17. In State of Madras v. S.S.M, Paripalana Sangam, AIR 1962 Mad 48 it was held that in order to constitute a valid endowment it is necessary that the donor should divest himself of the property. What is essential is that there should be an unambiguous expression of an intention to divest and an actual divestment for the benefit of the beneficiary. Such divestiture can be proved by a written document, or even orally but the fact) of dedication must be established by evidence. Such evidence may consist of contemporaneous statements or merely subsequent conduct of the trustees. In either case there should be a clear and cogent evidence to show that there was an intention to dedicate the property for the particular purpose, followed by an actual divestment or appropriation of the property to the specific object.
18. Thus the law seems to be well, settled that even in the absence of a document and ceremony such as Sankalp or Samarpan, dedication may be established by other evidence. The question whether there has been a dedication of a certain property to a temple is a question of fact to be determined on the basis of the evidence produced in each case. As already stated above there is no direct evidence of dedication of the residential houses and the shops in question to the temple in the present case. The circumstantial evidence gives an indication to the contrary. The property in question has always been treated as a private property and has been actually partitioned among the heirs of Ramnarayan.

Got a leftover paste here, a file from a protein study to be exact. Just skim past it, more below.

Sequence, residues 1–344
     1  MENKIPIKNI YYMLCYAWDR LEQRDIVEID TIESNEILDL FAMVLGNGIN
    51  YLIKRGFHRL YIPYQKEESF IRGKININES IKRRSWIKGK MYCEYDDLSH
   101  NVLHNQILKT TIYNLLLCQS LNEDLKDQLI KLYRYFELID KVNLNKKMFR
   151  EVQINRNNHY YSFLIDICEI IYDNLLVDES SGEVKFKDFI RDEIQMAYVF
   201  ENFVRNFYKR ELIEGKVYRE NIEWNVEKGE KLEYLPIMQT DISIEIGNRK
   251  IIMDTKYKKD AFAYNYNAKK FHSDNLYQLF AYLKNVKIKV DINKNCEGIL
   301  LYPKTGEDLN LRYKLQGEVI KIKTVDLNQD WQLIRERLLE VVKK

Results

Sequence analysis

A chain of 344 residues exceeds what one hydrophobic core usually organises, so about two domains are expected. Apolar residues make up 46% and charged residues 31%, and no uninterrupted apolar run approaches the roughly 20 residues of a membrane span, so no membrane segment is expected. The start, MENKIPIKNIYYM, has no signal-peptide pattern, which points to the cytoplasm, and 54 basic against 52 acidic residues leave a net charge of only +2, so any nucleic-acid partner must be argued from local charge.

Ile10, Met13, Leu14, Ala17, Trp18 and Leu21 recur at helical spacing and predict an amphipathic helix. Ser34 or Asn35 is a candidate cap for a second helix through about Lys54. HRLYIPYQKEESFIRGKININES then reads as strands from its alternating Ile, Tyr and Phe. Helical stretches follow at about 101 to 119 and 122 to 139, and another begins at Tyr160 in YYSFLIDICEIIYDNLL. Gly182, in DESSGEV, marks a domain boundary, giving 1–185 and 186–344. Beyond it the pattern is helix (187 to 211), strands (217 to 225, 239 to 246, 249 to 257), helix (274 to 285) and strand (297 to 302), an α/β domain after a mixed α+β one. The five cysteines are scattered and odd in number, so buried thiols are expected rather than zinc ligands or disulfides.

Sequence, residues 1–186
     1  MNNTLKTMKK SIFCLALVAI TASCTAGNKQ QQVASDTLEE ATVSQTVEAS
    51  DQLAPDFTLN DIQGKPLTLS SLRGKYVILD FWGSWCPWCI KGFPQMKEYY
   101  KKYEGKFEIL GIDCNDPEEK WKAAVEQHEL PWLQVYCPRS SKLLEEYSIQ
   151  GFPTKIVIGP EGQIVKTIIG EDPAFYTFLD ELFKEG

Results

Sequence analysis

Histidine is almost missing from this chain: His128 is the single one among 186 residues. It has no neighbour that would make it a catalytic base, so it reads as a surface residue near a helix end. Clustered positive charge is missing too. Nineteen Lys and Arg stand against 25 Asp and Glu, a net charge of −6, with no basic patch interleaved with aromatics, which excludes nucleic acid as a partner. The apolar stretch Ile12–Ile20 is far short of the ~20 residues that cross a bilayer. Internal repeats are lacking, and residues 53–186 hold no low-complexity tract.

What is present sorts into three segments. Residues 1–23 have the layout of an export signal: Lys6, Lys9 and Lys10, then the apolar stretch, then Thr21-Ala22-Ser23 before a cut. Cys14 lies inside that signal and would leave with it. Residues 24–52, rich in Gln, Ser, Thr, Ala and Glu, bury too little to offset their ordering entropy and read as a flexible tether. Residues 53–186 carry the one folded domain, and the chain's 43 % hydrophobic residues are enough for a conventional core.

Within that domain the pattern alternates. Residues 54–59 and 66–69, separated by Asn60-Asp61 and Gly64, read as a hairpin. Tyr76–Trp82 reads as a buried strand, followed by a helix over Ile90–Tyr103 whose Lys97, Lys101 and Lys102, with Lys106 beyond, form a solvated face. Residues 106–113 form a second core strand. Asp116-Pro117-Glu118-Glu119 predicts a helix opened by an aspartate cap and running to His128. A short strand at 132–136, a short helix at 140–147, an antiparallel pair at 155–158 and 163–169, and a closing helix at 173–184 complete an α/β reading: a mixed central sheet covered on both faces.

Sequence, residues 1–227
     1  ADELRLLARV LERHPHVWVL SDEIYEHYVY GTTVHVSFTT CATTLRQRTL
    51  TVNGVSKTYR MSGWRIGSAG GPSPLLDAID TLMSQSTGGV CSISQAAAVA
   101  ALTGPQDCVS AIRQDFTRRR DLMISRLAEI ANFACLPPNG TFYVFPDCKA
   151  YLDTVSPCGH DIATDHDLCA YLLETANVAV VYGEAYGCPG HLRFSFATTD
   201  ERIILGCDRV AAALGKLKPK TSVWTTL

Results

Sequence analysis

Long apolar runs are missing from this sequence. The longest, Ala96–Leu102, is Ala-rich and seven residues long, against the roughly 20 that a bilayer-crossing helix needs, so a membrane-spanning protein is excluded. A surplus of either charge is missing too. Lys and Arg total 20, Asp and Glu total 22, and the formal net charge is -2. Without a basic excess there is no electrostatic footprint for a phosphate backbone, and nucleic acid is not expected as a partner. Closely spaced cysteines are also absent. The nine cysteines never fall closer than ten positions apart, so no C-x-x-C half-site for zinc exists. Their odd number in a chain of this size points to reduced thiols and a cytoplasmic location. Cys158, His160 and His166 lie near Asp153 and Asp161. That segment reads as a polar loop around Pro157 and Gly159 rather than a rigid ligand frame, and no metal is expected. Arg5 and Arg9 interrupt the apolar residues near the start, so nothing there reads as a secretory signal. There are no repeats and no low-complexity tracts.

There is no convincing and clear evidence that the income accruing fromthe houses and the shops in question was ever set apart for Sewapuja of the idols. In these circumstances the conclusion arrived at by the lower Courts that the dedication of the residential houses and the shops in question to the idol of Shri Murli manoharji is not proved, appears to be correct and no interference is called for with the judgment and decree of the learned Senior Civil Judge.
19. In the result, I do not see any force in this appeal, and hereby dismiss it. But in the circumstances of the case, I leave the parties to bear their own costs.
20. Learned counsel for the appellant prays for leave to appeal to Division Bench. However, I do not consider it a fit case for grant of leave. The prayer is disallowed.